JEFFERSON CITY — When Jeff Mizanskey was first sentenced to life without parole in 1994 under a three-strikes drug law and put in prison, he said there were a few guys in wheelchairs who he’d see every now and then. By the time he was released about five years ago, that had changed.

“When you’d go to the chow hall, you’d see 25 to 30 wheelchairs and other inmates pushing them so they could go get something to eat,” Mizanskey said.

His story is indicative of Missouri’s aging prison population, which has nearly doubled since 2005, according to previous Missourian reporting. The number of people aged 50 or older in prisons was increasing at 11 times the rate of the overall Missouri prison population in 2017.

A bill being considered by state lawmakers would allow incarcerated individuals aged 65 or older, who have been sentenced to life without parole for “a minimum of 50 years or more,” to receive a parole hearing after they have served at least 30 years of their sentence. The proposed measure garnered strong support at a House Special Committee on Criminal Justice hearing Thursday.

The bill, sponsored by Rep. Tom Hannegan, R-St. Charles, has some stipulations, including one measure that an eligible prisoner can’t have a felony conviction prior to the conviction for which they are currently incarcerated.

Hannegan, whose repeatedly proposed bill was passed by the House last year and died in the Senate, said HB 2034 would be a tool to allow people without other alternatives to have their cases reopened and considered for parole.

“It’s not an automatic get-out-of-jail-free card by any means,” Hannegan said. “What it would allow this particular group to do is go before the parole board and just have a hearing.”

He emphasized that the bill would only make a small number of people eligible for parole and said it still gives the parole board the final say on outcomes.

“If the parole board thinks that these people should not be released for whatever reason, then they don’t get released,” Hannegan said.

He acknowledged that individuals convicted of felony murder could be eligible for parole under this bill, assuming they had not also been convicted of a prior felony. But he added that to be allowed to go through the parole process, prisoners must have an exit strategy with a support system of some kind, as well as pass a psychiatric evaluation.

John Ammann, a professor at Saint Louis University’s Legal Clinics, voiced support for the bill. He pointed out that the bill’s fiscal note includes estimates for the number of prisoners who would become eligible under the proposed legislation. In 2021, the bill would affect 21 prisoners. By 2030, an estimated 57 prisoners could be eligible for a parole hearing.

Ammann also said the bill would help address the rising cost of health care in prisons for elderly prisoners.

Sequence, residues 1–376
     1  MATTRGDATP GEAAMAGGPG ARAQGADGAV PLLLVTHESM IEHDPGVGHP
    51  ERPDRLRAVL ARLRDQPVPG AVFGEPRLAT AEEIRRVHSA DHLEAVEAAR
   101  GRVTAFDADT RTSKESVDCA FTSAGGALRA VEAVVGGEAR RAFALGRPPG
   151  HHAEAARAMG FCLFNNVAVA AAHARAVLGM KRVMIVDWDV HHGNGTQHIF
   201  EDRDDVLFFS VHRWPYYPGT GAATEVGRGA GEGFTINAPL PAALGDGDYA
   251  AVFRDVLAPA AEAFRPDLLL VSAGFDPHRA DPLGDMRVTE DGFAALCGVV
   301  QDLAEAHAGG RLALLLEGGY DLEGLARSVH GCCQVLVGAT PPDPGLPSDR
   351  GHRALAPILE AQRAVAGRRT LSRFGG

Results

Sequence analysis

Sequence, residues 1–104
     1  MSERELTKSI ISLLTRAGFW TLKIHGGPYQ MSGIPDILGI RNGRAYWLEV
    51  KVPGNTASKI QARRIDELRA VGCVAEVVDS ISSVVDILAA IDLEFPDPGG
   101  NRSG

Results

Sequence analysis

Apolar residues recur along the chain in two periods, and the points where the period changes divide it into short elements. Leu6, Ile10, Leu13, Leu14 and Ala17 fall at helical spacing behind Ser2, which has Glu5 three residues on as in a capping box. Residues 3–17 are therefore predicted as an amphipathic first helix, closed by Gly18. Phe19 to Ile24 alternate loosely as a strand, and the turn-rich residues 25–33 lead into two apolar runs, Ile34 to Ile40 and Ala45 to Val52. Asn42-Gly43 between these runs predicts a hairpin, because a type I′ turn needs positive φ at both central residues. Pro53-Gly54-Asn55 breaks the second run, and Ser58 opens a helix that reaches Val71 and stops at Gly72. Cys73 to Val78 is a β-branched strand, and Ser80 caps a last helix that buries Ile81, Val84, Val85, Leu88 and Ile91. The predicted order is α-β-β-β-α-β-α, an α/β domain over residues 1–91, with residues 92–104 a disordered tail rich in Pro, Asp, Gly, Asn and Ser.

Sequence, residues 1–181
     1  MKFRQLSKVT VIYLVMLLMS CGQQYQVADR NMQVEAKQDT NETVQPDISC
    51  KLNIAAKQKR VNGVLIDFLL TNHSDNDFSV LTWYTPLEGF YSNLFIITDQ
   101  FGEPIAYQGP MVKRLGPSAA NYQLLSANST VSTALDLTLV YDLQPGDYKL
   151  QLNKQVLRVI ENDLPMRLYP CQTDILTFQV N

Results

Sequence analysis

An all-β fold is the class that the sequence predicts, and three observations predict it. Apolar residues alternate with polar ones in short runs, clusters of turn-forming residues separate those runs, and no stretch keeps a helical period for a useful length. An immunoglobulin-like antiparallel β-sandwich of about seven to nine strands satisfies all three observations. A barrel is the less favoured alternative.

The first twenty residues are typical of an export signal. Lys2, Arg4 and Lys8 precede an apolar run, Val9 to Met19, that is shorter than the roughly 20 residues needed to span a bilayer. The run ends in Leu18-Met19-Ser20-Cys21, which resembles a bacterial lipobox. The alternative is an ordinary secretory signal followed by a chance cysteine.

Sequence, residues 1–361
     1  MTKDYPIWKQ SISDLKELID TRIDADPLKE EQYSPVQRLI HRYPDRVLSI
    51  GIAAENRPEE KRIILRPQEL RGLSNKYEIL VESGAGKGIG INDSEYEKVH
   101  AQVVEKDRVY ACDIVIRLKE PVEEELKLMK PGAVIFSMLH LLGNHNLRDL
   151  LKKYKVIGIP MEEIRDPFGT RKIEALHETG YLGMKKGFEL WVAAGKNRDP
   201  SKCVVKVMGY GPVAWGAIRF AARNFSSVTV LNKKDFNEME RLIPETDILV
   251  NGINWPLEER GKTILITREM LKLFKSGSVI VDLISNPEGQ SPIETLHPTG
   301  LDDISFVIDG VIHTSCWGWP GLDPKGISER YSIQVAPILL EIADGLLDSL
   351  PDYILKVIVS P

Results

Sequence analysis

“There’s no need for the Department of Corrections to become the biggest nursing home in the state,” Ammann said. “We’re dealing with an aging population with very acute, complicated medical problems as people age. This bill helps give you some flexibility to address that by saying, ‘Serve 30 years, and we’ll take a look at the circumstances.’”

Mizanskey shared his experiences as he testified in support of the bill. He told the committee about his memories of elderly prisoners who were looked after and pushed around in their wheelchairs by other inmates who did not have any medical training.

He described the practice as cruel and unjust and went on to say that Missourians are very aware of the cost of keeping older prisoners behind bars.

“We’re not dumb out there. We know what’s going on. We know our taxes are being spent to keep these guys in prison that can’t even walk to the bathroom in some cases,” Mizanskey said. “That’s something that we can get away from.”

Missouri is not the first state to consider this law.

“There are 27 other states who have a definition of what an ‘older’ prisoner is for the purposes of compassionate release,” said Sara Baker, legislative and policy director for the American Civil Liberties Union of Missouri, who also voiced support for the bill.

Although the age different states consider “older” varies from 50 to 70, Baker said 50 is used most commonly (by 15 states), 65 is used by two states and 70 is only used by one. With this in mind, she said the measure was still a conservative approach.

She also said that the recidivism rate, how common it is for those previously convicted to reoffend, for people over age 60 is “pretty much nothing,” while it costs three times more to incarcerate someone who is over the age of 50 than it does to incarcerate someone younger.

No one testified in opposition to the bill, but Rep. Lane Roberts, R-Joplin, expressed concerns about the plight of victims and their families, who might be forced to relive past pain as the parole process plays out.

“I’m still struggling with the idea that our focus is not on victim,” Roberts said. “I’ve been to parole hearings and watched victims have to go through it all again, and it’s not a pleasant process. ... But I do appreciate the kindheartedness that this bill represents.”

The organizations Empower Missouri and the Missouri Catholic Conference also testified in support of the bill, as did former Missouri representative and senator Franc Flotron.

  • Spring 2020 state government reporter. Former public life and PolitiFact Missouri reporter. I am a senior studying magazine journalism and political science. You can reach me by phone at (248) 688-8522 or by email at madisonczopek@mail.missouri.edu.

  • Galen Bacharier is a reporter and assistant city editor at the Missourian. He has previously reported on state government and higher education. Reach him at galenbacharier@gmail.com or on Twitter @galenbacharier.

  • Mark Horvit is the state government editor. Call me at 817-726-1621 with story ideas, tips or complaints.

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